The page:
I believe that we should start with gut healing, simply because the gut is not just a tube in our body where food gets digested. The gut healing process starts with anti-inflammatory foods, clean water, and a probiotic that trains the immune system and fights invaders.
You probably know that inflammation is the root cause of most chronic diseases, but did you also know that:
LPS, lipopolysaccharides released from gut bacteria causes inflammatory processes in the gut and is an endotoxin?
Just eating one unhealthy meal from McDonald’s causes gut inflammation, which can be seen up to 15 days afterwards in test results. A high Omega 6 fatty acid diet and high caloric diet causes bacterial die off and LPS release, which causes leaky gut and inflammation. The good bacteria in the spore based probiotic MegaSporeBiotic can have a dampening effect on LPS release, therefore lessen inflammatory processes.LPS, lipopolysaccharides released from gut bacteria causes inflammatory processes in the gut and… Click To Tweet
Let’s take a look at our second brain / the immune system in the gut: 90% sits in the gut, it can influence our whole body. When we take a look at the probiotics that live in our gut, we find out:
• We are more bacteria than human
• The human body has about 10 trillion cells
• Bacteria in and on us counts to about 100 trillion
• Bacterial genes outnumber human genes 150 to 1 (25,000 human genes vs. 3.3 million microbial genes). We do not have enough genes to produce all the proteins necessary for bodily functions. So, who produces those proteins? The gut bacteria.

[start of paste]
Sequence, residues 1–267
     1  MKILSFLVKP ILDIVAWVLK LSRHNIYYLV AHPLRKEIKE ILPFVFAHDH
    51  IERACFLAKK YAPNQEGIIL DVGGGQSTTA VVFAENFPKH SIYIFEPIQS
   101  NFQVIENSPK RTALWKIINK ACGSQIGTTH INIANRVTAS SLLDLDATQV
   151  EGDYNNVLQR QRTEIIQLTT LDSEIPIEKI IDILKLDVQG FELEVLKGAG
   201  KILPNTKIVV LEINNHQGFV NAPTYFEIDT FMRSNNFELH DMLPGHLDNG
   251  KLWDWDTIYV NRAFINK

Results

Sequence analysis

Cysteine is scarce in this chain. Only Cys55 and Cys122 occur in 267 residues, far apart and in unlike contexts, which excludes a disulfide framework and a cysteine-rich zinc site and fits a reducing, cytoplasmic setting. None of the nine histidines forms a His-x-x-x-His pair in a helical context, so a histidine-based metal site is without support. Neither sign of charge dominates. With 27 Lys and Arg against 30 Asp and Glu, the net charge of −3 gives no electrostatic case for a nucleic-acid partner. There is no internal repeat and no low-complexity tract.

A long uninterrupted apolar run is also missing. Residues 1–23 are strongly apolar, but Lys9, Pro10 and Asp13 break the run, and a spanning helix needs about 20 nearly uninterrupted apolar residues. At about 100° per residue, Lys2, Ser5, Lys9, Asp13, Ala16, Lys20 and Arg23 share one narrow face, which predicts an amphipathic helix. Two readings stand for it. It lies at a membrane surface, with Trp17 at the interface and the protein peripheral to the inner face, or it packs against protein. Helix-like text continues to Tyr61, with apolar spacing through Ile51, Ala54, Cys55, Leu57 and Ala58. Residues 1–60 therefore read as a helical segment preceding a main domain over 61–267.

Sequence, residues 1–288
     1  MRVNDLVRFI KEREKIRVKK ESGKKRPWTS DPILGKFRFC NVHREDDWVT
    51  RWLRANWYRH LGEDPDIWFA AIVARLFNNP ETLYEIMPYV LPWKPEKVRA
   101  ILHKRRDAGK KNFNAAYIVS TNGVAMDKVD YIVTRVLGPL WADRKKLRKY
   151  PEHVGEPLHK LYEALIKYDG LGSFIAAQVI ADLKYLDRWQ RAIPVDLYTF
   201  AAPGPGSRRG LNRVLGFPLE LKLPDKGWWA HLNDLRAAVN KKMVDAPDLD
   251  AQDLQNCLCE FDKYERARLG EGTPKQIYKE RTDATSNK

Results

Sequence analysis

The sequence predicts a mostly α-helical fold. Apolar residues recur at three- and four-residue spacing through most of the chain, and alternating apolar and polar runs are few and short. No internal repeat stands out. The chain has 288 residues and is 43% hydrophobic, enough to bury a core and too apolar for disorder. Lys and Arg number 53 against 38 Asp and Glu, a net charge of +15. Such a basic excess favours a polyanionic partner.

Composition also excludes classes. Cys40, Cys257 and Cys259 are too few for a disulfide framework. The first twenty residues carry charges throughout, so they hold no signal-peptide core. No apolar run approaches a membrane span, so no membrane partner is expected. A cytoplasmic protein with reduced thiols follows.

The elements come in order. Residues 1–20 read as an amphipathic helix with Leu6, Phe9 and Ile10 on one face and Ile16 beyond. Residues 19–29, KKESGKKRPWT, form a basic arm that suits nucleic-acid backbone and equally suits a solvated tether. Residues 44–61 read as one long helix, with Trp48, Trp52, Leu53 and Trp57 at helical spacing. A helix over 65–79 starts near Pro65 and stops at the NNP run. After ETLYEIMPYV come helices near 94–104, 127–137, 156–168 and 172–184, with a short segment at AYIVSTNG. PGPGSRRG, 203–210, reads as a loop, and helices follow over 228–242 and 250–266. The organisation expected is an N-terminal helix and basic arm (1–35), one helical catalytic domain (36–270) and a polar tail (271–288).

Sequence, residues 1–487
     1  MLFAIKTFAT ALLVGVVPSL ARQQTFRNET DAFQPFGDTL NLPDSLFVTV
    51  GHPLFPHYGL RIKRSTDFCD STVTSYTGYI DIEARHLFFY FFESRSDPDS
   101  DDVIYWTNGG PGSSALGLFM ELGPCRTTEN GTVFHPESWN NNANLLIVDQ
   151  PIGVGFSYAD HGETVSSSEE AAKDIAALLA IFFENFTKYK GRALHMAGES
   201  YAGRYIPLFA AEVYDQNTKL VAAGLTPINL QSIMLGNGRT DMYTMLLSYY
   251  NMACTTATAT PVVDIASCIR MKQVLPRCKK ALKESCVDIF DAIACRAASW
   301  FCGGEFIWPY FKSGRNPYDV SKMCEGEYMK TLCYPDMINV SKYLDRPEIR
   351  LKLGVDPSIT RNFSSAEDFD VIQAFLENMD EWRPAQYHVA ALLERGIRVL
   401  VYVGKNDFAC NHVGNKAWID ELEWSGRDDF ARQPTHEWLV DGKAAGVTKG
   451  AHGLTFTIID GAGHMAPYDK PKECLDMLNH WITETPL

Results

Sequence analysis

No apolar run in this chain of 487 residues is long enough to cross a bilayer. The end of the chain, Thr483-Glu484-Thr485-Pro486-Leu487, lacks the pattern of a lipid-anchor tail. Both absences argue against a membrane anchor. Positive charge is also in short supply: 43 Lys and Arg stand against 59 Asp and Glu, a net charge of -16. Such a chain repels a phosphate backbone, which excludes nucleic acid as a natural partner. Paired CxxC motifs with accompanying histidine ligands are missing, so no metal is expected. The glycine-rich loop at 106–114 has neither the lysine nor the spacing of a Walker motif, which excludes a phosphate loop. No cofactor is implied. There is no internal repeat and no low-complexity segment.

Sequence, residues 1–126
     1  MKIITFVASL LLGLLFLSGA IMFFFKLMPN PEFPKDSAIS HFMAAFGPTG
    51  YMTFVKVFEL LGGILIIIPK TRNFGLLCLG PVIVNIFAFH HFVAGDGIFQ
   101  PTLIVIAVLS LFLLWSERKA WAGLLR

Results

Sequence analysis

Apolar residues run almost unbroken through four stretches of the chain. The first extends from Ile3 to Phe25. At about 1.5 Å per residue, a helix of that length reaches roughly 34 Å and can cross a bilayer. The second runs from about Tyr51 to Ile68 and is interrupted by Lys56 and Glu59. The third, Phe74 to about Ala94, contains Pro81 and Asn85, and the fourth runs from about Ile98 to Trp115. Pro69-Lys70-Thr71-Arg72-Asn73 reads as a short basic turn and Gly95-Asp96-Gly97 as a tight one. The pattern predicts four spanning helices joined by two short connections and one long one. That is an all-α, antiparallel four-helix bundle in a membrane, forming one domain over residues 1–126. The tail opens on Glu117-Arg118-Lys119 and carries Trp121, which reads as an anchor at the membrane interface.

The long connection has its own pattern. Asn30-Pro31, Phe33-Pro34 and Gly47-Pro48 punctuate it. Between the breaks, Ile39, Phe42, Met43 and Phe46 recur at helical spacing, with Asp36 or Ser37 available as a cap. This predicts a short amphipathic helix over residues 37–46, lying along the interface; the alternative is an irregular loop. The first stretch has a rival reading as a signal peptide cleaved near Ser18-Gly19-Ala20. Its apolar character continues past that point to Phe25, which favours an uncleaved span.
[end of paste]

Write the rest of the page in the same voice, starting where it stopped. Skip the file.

In order to heal the gut, we need to first support the immune system, which can only be done with a spore based probiotic that has a 100% survival rate, MegaSporeBiotic. It contains bacterial strains in spore form that are found naturally in the microbiota. The spores are anaerobic. They need to be anaerobic, since aerobic bacteria cannot live in the GI tract.
The spores in MegaSporeBiotic, once they come out of the spore form:
• Increase the growth of important GI tract commensals such as Lactobacillus
• Fight the bad bacteria in the gut and therefore address dysbiosis
• Deliver highly – bioavailable carotenoids (antioxidants), which control bacterial overgrowth in the GI tract
• Fight for space and nutrients to eliminate the invading species, such as Candida and C diff.
• Produce vitamin K2
So, Hippocrates was right: all disease starts in the gut.
About the Author
Linda Wilbert – Stewart, FDN, HHP is a Certified Functional Diagnostic Practitioner and Certified Holistic Health Practitioner with diplomas from the Natural Healing College. She is a Certified Health Coach from Beyond Organic University. She took classes in Functional Blood Chemistry. Module one and two MTHFR, Methylation & Biochemistry master course. She graduated in Germany as an Occupational Therapist in 1988. Linda uses functional diagnostic lab tests to find underlying causes of symptoms. Check out her website, ExclusivelyHolistic.com to get a Free Health Consultation and get her Free EBook, here. Please be sure to follow her on Facebook. Shop amazing probiotics, here.